Running militia while outside the government is one thing, but continuing to do so while heading the state government, fulfilling all the constitutional obligations, is quite another. It is, afterall, not in the interest of any government to be seen as incapable of fixing things.

Q. It is an unprecedented case of a spiritual head also being a temporal head. How will it work for the Math?

A. Politics has been an important source of strength for Gorakhnath temple since the time of Digvijaynath. The mixing of spiritual and temporal affairs is, therefore, not new to the temple. What is new this time is the fact that the spiritual head of the temple has also become temporal head of the state. Given the manner in which this Math has grown under the last three mahants, the chief ministership of Adityanath may further strengthen its resource base and widen its area of influence.

Q. How do you see the evolution of these senas, the BJP and the RSS?

A. The BJP’s electoral fortunes and the consequent expansion in the RSS’s area of influence have remained largely dependent on the communal propaganda and campaign fuelled by these senas. Even for future elections, religious symbolism and sustained power of communal antagonism are important for the Sangh Parivar.

Yet, as senas grow in strength, the BJP, which is now in power, finds itself in an awkward situation as their activities also threaten to tarnish the image of the government. The division of labour, which has so far worked tremendously for both the BJP and the Hindu militia groups, may not continue for long in the same old manner now that the saffron outfit is in power.

And, yet, the BJP government cannot straightaway clampdown on these senas. The crossroads these players now find themselves on may be a significant milestone in the evolution of the senas, the BJP and the RSS.

Q. What would you say are the differences between a pracharak and a yogi? How do their philosophies differ?

A. A pracharak is the RSS whole-timer who takes the vow of celibacy and spends life detached from his family, working on assignments given to him by the organisation and shifting from one area to another on regular basis. As an agent of politico-cultural change, he is supposed to work with members of the Hindu community, unite them and guide them to realise their “strength” until they achieve the RSS’ ultimate objective of transforming the secular republic into a Hindu Rashtra. A yogi, on the other hand, is a mendicant of Shaiv persuasion and is believed to represent the oldest school of Hindu asceticism.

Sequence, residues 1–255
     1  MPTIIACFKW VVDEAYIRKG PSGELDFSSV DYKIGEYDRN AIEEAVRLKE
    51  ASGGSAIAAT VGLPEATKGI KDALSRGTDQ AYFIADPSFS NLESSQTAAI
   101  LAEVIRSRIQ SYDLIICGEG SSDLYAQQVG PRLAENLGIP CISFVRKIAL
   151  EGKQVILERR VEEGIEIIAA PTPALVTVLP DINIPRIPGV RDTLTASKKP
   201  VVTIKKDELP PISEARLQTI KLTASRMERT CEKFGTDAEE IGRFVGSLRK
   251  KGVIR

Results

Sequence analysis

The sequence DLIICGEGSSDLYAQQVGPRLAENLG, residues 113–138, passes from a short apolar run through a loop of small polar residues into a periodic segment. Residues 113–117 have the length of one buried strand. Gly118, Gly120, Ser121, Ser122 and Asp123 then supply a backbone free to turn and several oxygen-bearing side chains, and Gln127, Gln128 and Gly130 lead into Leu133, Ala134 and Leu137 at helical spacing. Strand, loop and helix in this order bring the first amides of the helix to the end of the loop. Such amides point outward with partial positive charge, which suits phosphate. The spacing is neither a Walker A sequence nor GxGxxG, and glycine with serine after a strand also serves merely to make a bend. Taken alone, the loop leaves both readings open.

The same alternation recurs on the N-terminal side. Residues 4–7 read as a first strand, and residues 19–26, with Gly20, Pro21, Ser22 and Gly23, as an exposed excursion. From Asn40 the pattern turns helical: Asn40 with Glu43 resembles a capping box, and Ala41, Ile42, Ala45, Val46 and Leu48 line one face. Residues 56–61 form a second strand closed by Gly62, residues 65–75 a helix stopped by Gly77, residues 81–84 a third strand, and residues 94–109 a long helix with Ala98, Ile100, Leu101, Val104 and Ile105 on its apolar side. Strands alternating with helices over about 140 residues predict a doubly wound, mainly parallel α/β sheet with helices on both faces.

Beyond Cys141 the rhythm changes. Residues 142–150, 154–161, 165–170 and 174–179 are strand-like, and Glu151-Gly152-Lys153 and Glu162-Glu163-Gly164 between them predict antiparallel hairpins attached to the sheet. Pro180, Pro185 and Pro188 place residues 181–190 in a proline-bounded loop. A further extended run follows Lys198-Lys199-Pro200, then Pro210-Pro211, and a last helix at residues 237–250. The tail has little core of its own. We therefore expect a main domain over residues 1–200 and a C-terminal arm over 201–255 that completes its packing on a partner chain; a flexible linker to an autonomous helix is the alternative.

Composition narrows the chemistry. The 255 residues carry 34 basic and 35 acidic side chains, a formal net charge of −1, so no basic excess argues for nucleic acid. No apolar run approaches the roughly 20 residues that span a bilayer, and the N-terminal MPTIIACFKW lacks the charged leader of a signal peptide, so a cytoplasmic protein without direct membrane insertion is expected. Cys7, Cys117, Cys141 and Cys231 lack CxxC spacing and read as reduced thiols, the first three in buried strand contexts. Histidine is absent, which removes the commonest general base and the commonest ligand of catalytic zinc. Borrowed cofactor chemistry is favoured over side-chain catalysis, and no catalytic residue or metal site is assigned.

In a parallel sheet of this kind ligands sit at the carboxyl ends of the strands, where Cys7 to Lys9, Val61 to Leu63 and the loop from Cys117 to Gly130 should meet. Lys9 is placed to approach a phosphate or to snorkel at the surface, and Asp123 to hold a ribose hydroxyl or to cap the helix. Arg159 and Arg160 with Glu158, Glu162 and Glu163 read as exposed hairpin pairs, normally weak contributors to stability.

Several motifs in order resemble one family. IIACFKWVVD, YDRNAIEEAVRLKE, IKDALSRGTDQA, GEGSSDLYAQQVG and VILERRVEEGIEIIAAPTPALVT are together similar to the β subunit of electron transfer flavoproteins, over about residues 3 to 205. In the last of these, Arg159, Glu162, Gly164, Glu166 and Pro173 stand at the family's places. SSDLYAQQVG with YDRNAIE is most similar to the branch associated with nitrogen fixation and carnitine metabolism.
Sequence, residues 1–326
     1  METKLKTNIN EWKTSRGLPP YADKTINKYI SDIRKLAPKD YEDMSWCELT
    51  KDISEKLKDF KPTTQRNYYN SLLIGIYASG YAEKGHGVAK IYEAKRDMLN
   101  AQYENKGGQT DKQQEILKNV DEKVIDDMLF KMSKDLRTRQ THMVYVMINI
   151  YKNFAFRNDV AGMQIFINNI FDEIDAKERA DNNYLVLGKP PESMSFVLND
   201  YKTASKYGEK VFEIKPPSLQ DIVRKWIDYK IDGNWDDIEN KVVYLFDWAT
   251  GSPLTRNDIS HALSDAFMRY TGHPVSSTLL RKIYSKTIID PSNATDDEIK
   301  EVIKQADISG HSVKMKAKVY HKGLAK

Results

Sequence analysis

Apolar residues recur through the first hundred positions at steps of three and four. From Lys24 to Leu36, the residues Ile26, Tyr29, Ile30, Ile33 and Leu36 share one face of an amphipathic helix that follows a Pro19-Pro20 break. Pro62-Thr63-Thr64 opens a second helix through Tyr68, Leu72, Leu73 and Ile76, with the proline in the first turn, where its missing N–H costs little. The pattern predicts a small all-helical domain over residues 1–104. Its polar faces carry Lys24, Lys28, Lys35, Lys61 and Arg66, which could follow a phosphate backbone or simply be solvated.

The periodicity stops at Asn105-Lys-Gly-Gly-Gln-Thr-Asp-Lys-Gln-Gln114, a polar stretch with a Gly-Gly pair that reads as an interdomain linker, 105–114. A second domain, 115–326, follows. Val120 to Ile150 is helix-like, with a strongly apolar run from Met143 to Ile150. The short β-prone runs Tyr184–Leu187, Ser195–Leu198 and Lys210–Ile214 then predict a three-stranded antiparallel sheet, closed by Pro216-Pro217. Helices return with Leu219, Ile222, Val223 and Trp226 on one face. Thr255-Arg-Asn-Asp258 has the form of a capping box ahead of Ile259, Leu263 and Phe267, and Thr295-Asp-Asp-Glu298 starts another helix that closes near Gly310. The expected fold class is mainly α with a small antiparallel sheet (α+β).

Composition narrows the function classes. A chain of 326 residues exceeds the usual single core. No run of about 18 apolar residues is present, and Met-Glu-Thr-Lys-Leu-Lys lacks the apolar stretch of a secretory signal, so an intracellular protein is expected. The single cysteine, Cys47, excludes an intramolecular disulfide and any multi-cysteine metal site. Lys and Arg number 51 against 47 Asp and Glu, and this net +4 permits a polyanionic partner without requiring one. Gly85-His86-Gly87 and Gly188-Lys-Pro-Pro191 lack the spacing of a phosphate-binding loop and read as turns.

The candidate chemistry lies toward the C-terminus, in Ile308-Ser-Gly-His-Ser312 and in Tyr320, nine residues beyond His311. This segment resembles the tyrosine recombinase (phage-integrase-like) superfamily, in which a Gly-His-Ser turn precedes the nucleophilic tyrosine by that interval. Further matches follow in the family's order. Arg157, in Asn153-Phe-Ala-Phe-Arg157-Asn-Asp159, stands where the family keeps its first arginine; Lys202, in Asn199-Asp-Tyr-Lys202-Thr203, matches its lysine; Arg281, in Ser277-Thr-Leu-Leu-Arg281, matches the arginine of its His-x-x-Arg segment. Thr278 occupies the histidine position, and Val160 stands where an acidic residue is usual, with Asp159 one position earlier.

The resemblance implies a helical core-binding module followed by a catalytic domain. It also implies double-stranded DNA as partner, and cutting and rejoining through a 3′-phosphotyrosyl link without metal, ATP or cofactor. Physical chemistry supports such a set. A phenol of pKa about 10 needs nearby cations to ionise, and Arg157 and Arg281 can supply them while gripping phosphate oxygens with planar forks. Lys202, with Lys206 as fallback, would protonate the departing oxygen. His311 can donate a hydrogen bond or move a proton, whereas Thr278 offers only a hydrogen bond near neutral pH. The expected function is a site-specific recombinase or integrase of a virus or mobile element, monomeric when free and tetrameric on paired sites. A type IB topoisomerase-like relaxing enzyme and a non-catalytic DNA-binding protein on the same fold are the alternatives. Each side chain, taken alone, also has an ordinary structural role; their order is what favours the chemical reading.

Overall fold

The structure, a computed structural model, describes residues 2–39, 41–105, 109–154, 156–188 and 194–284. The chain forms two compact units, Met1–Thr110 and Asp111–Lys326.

As a seeker of God, he is supposed to stay away from the community which he has left as he has moved on the path to attain salvation that can be achieved only through the union with God.

In practical terms, however, the philosophy of pracharaks boils down to an attitude towards the minorities, particularly Muslims, while that of the yogis, despite their play of words with regard to spiritualism and esoteric rituals, to the management of the Math, its properties and its followers.

Q. How do you see the future of the Ayodhya dispute with Yogi as chief minister?

A. The mahants of Gorakhnath temple have an old association with the Ayodhya dispute. Digvijaynath, as a Hindu Mahasabha leader, oversaw the plot to convert Babri Masjid into a temple in 1949. It was he who controlled and pulled all the strings, while the Mahasabhaites in Ayodhya — working under the banner of All India Ramayan Mahasabha — carried out the task of planting the idol in the mosque.

Avaidyanath, the disciple of Digvijaynath and the guru of Adityanath, was among the Hindu leaders who scripted the Sangh Parivar’s Ayodhya movement that culminated in the demolition of Babri Masjid on December 6, 1992.

Adityanath, who is known for inciting communal hatred for political gains, has, on several occasions, used the symbol of Ayodhya as a means to affect polarisation of Hindus.

He is likely to keep the Ayodhya issue hot ahead of 2019 Lok Sabha elections even as the dispute is pending in the Supreme Court.

Last updated: April 10, 2018 | 17:40